Complete inability to play Tetris has helped me to understand that it is time to retire.  We recently re-installed a Paleolithic-era Nintendo game deck and everybody around here can still play the game.   But I can’t.

When we first got this machine in 1948, I never rose to the skill level of our children, but I could sometimes guide all the little colored stacks of cubes to the occasional fluke victory.  Saturday night I was completely buffaloed, couldn’t see where to put things and froze up in frustration.  It made me mad—full realization that I am old and useless.  Time to retire.

Common wisdom says you should plan for retirement.  We even have a book here telling us how to prepare.  I don’t know why I should start planning now.  None of my life has been planned so rigorously.

I was born just like everyone else.  I had a wonderfully average and happy childhood just like I was supposed to.  I went to elementary school just like I was supposed to.  Went through high school and survived many slightly stupid adventures, just like my friends.  Then I made a half-hearted pass at becoming a hippie, because everybody else was.  All of that happened just through following the path of least resistance.

The first actually orchestrated event in my life was a persistent and long-term effort to marry the right woman, a campaign that continues to pay dividends above all others.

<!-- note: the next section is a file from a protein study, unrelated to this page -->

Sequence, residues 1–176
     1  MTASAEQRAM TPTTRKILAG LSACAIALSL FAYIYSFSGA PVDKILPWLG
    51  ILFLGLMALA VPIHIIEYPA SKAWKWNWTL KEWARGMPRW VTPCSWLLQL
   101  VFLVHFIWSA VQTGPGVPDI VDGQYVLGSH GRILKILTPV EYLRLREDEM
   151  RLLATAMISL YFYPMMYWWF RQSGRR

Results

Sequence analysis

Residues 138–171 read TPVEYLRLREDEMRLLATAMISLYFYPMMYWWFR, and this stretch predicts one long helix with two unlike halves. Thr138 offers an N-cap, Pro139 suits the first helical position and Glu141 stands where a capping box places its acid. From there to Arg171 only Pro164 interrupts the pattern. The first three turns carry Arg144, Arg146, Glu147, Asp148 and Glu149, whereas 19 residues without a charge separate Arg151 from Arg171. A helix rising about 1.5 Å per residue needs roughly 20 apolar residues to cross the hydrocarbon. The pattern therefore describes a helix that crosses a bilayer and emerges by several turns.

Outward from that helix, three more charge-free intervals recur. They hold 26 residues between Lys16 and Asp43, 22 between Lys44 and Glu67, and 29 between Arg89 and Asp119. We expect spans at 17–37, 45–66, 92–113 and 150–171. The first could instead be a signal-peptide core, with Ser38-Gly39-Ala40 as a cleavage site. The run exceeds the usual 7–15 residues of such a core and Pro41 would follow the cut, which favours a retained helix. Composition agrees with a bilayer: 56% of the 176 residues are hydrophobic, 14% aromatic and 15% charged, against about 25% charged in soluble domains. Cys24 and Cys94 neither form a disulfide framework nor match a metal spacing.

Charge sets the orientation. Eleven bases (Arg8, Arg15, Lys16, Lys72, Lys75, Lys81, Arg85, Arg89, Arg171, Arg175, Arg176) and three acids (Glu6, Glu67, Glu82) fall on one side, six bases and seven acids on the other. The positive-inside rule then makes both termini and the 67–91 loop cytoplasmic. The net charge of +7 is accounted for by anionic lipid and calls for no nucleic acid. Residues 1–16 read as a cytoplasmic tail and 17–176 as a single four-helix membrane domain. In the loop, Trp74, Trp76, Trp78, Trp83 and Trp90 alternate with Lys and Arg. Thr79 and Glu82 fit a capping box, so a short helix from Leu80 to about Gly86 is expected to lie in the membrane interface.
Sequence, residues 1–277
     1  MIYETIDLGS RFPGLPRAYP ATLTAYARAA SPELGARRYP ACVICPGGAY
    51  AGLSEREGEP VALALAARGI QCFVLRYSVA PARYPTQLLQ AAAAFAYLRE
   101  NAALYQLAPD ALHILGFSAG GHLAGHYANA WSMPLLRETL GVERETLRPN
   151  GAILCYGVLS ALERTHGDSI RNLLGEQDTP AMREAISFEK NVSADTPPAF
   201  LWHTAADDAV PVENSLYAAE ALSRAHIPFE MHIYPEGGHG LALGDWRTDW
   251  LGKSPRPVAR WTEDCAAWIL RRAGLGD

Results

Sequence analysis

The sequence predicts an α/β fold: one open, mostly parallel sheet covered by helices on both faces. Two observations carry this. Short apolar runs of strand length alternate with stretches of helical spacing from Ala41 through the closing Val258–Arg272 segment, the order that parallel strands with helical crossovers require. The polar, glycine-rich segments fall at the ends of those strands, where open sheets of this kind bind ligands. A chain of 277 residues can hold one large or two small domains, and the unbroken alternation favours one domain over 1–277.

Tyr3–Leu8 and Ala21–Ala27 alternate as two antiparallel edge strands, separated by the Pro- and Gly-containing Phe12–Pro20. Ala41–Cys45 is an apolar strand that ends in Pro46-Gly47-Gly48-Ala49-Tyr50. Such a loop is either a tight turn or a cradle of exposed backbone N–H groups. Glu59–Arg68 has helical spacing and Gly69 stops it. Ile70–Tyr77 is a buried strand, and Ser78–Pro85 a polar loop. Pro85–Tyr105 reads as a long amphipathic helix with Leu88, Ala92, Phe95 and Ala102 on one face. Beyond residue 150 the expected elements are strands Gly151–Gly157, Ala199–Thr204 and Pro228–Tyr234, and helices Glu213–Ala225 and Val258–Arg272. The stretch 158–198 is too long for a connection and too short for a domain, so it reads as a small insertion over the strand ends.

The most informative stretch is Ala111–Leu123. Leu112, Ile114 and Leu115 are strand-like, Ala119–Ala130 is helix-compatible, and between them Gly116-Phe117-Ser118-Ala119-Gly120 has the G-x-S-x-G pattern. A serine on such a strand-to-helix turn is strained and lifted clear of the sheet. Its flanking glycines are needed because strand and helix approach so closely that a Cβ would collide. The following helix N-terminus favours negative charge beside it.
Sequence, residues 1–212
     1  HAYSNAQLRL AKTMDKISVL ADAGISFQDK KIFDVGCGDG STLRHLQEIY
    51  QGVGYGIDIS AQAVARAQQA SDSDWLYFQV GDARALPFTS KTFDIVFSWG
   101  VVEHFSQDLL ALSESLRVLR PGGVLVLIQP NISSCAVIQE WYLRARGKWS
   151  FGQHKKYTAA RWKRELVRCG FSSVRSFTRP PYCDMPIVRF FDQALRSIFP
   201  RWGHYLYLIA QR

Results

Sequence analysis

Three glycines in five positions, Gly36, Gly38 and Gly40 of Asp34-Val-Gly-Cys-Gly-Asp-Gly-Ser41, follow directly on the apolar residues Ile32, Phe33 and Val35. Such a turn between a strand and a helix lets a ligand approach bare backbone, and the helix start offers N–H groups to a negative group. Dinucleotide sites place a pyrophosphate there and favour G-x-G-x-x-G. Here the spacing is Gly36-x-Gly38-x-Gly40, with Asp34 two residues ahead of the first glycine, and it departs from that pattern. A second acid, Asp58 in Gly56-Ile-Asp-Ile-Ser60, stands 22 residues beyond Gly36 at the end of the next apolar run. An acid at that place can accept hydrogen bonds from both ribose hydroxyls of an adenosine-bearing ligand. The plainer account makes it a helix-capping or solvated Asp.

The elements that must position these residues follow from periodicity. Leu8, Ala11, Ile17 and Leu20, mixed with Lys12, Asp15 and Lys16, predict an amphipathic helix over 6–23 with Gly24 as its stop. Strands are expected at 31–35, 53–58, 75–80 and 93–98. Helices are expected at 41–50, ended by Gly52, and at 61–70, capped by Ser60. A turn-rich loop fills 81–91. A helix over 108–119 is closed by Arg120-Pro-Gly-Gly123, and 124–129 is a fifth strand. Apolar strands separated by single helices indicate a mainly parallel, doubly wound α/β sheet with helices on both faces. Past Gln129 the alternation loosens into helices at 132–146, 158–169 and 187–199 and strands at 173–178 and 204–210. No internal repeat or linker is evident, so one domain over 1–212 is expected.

I got steady and reliable work and we had two children, just like you’re supposed to.  That was not actually planned, though we understood it could happen.  Without actually planning to, we ended up in Oregon.  We got great pleasure in supporting our children, grateful to the teachers and reassuringly ordinary schools of Keizer for giving them a solid base of knowledge, just like they were supposed to.  They have both graduated from college, as expected.

Now, because I am old enough, I will retire just like I’m supposed to.  Life so far has been very pleasing without the interference and rigidity brought on by planning and scheming.  So, I’ll just retire and see what happens.

We have older friends and friends the same age that have retired.  With disturbing frequency they say that in retirement you find yourself busier than ever you were while working full-time.  I’ll do whatever I can to prevent that.  I’ll sit still until I think of something I want to do.

Our helpful book on retirement says how many hundreds of thousands of dollars we should have in order to be comfortable.  In a visit with a financial planner we were asked what monthly amount we would need to live the way we want.  Regardless of what we want we already know what our retirement and social security will pay.  Rather than imagining how good life could be if we had more income, we’ll imagine how good life can be if we are content with what we’ve got.  That’s worked well enough til now.   We’ll live quietly, pursuing our own little pleasures, helping where we can, and hoping for grandkids-—exactly as though we’d planned it that way.

(Don Vowell lives in Keizer.)